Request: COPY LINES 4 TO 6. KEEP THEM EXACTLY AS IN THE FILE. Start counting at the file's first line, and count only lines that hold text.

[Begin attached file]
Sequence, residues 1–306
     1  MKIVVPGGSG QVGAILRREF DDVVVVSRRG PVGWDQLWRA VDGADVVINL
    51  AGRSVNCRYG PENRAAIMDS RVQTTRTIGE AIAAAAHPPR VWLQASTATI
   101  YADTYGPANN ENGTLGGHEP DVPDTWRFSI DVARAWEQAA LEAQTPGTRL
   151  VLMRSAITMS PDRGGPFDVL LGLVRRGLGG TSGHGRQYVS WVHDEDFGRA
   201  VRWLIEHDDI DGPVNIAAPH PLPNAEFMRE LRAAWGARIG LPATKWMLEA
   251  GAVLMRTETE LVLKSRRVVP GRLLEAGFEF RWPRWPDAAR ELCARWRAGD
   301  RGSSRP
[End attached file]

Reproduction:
   101  YADTYGPANN ENGTLGGHEP DVPDTWRFSI DVARAWEQAA LEAQTPGTRL
   151  VLMRSAITMS PDRGGPFDVL LGLVRRGLGG TSGHGRQYVS WVHDEDFGRA
   201  VRWLIEHDDI DGPVNIAAPH PLPNAEFMRE LRAAWGARIG LPATKWMLEA